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Robert Monckton

Monckton was a Yorkshireman. He was the second son of John Monckton, 1st Viscount Galway, and Lady Elizabeth Manners. At the age of 15 he was sent off to the army, 3rd Foot Guards. His unit, the following spring, sailed for the European battle theatre. Monckton
had been commissioned a captain in the 34th Foot in June of 1744 and promoted again to a major in February of 1747, and later he was made a lieutenant-colonel of the 47th Foot.

In 1753 Monckton was assigned to Nova Scotia, as the second in command under Governor Hopson. Hopson took sick and returned to England and was replaced with Charles Lawrence. In April, 1755 the Governors of the English colonies met and felt that the French were going to attack , even though both countries were at peace. Two thousand troops were mustered in Boston and sent to Monckton to take control of the French Fort Beauséjour in Acadia. On June 16th, 1755, the French surrendered Fort Beauséjour and it was renamed by Monckton as Fort Cumberland. This start the conflict know as the "Seven Years War". After the fall of Fort Beauséjour, Governor Lawrence decided to have Monckton take care of the French Acadians for good. The Acadians would not swear their allegiance to the King of England and not to take up arms against the English. Lawrence, operating out of Halifax, instructed Monckton to break off a number of his troops and send them under one of his brigadiers under Winslow to another part of Acadia, Grand Pré. He ordered ships up from Boston and the Acadians were to be gathered together at several points, loaded into the ships and sent away; to be dispersed amongst the English colonists. Their homes and possessions were to be put to be burnt to the ground.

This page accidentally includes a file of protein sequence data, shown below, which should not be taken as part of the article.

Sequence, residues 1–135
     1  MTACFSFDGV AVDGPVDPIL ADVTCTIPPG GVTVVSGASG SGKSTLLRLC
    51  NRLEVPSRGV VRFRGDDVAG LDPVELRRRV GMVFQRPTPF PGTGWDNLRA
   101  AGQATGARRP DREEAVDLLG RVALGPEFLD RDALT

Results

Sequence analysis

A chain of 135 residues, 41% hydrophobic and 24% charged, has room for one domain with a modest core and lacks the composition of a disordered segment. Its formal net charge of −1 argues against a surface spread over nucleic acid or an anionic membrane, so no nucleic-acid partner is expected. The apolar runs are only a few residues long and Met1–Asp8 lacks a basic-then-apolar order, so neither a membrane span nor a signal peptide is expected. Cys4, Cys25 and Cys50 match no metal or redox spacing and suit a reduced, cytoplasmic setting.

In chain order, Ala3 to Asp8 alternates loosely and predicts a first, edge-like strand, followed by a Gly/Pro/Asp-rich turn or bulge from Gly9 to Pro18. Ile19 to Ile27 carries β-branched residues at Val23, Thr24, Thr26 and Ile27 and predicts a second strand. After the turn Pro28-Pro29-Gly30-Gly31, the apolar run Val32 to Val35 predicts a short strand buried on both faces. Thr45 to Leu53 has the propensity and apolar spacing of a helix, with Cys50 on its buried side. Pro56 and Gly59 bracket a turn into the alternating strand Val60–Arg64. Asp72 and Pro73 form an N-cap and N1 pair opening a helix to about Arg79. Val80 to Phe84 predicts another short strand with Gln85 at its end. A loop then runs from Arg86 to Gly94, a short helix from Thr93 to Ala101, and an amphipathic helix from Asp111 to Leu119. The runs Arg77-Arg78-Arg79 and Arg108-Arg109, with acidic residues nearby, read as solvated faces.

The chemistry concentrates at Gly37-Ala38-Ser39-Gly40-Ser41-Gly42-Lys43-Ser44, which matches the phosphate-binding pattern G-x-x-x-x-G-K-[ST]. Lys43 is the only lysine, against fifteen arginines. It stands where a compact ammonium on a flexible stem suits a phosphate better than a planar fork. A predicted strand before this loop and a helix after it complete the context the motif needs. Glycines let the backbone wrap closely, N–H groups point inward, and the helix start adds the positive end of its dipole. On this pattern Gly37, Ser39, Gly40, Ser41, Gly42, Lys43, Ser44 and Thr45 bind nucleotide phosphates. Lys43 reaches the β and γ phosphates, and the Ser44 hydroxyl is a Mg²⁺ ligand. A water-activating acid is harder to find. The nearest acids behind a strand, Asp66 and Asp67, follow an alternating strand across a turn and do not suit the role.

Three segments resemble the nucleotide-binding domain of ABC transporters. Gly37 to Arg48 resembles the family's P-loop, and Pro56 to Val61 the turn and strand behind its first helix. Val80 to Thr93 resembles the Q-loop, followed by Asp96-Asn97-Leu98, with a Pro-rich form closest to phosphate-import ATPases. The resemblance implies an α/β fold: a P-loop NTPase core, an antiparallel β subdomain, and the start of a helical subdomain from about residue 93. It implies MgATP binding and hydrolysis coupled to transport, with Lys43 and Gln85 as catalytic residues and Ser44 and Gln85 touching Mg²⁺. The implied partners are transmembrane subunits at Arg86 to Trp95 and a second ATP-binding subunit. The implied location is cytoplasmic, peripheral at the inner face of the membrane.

During the winter of 1758/59 Monckton was in New York perfecting the plans for the assault against Quebec. Monckton was to assumed command of the city after it's fall. In 1761, he was promoted major-general and was to become the governor and commander-in-chief in the province of New York. He organized the attack on the French islands in the Caribbean, which included Martinique. In 1763, the Seven Years War was formally brought to an end with the signing of the Treaty Of Paris, and he returned to England. Monckton died in 1782 and is buried in London.

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